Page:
PANAJI, Dec 9: The concentration of microplastics in surface water and sediments in Mandovi and Zuari estuaries in Goa declined significantly during the COVID-19 pandemic, which highlights the potential benefits of sustainable consumption and production patterns, a research paper has said.
Microplastics are extremely small pieces of plastic debris in the environment resulting from the disposal and breakdown of consumer products and industrial waste, and are harmful to ocean and aquatic life.
A team of researchers from CSIR-National Institute of Oceanography in the paper titled “The consequences of reduced anthropogenic activities during the COVID-19 pandemic on microplastic abundance in a tropical estuarine region: Goa, India” said a sharp decrease in the microplastics (MPs) concentration was observed following the COVID-19 outbreak in 2020.
The researchers – Priyansha Gupta, Mahua Saha, V Suneel, Chayanika Rathore, Durbar Ray and Akshata Naik – conducted this research by collecting samples from this area before and after the pandemic.
“This study showed a comparison in the distribution and characterisation of MPs from surface water and sediments of the Mandovi, Zuari estuaries before the isolated pandemic (BIP 2019) and after the isolated pandemic (AIP 2021) periods,” the paper said.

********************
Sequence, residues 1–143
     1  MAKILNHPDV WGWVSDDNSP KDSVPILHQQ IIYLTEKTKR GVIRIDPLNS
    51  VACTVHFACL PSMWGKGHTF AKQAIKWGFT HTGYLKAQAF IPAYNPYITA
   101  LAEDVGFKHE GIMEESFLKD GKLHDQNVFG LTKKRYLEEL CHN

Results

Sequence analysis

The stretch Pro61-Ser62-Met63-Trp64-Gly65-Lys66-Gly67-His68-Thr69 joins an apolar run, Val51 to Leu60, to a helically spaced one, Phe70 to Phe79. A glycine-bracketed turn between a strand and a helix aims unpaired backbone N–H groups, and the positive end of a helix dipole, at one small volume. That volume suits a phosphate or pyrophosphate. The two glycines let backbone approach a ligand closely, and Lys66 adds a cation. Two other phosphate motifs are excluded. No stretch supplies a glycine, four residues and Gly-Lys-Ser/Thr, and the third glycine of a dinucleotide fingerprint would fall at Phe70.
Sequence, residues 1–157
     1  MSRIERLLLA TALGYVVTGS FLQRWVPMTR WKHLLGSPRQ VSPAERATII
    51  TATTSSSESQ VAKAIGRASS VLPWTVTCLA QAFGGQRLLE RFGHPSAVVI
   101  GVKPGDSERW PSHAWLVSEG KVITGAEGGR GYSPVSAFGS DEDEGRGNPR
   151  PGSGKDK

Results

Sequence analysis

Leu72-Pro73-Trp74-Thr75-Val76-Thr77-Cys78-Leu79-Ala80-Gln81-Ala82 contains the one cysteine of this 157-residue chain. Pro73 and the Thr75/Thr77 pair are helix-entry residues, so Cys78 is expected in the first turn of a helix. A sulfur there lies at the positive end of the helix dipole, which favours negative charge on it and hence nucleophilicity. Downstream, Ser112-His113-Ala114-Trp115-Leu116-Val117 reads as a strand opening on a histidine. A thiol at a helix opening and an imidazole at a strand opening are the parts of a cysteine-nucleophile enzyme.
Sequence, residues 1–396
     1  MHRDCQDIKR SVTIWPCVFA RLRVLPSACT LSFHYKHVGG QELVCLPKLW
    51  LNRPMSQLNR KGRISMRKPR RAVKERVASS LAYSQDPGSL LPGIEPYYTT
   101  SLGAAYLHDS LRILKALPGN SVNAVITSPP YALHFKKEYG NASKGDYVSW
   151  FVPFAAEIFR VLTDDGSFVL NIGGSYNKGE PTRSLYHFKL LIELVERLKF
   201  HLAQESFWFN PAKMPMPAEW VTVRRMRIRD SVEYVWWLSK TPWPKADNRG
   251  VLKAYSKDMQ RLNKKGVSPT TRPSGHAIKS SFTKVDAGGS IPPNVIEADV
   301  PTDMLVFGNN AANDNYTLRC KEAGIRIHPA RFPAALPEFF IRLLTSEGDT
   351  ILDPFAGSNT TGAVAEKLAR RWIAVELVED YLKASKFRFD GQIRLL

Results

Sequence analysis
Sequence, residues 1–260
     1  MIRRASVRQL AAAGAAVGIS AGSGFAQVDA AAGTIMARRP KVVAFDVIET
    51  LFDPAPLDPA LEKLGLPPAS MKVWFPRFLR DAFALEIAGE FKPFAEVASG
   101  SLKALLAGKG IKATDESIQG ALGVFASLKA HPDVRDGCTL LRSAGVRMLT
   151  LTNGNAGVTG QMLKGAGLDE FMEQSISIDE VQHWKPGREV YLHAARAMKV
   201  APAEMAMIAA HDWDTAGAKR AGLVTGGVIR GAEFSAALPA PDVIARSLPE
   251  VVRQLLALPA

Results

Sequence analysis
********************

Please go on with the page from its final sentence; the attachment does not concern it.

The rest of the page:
“During the AIP period, the MP concentrations/levels were much lower than in the before-isolated pandemic (BIP) period for both surface water and sediments irrespective of the different seasons,” it said.
The researchers concluded that the concentration of MPs declined by two to seven times after the COVID-19 lockdown.
“A reduction in MP levels during BIP to the AIP period may indicate a positive impact on the health of marine ecosystems and progressive implications for the economic and social well-being of coastal communities,” the paper reads.
The study revealed that the reduced MP levels is associated with changes in human activities during the pandemic and thus it may highlight the potential benefits of more sustainable consumption and production patterns.
“This underscores the pivotal role played by societal and industrial exploitations in driving MP pollution and by effectively controlling and altering human actions on plastic production, consumption, and waste management, the emerging MP concentration in water, can be controlled to a great extent,” the researchers have said.
The paper has mentioned that this will eventually be helpful for the identification and amelioration of potential MP sources, encompassing both regional and global contexts. (PTI)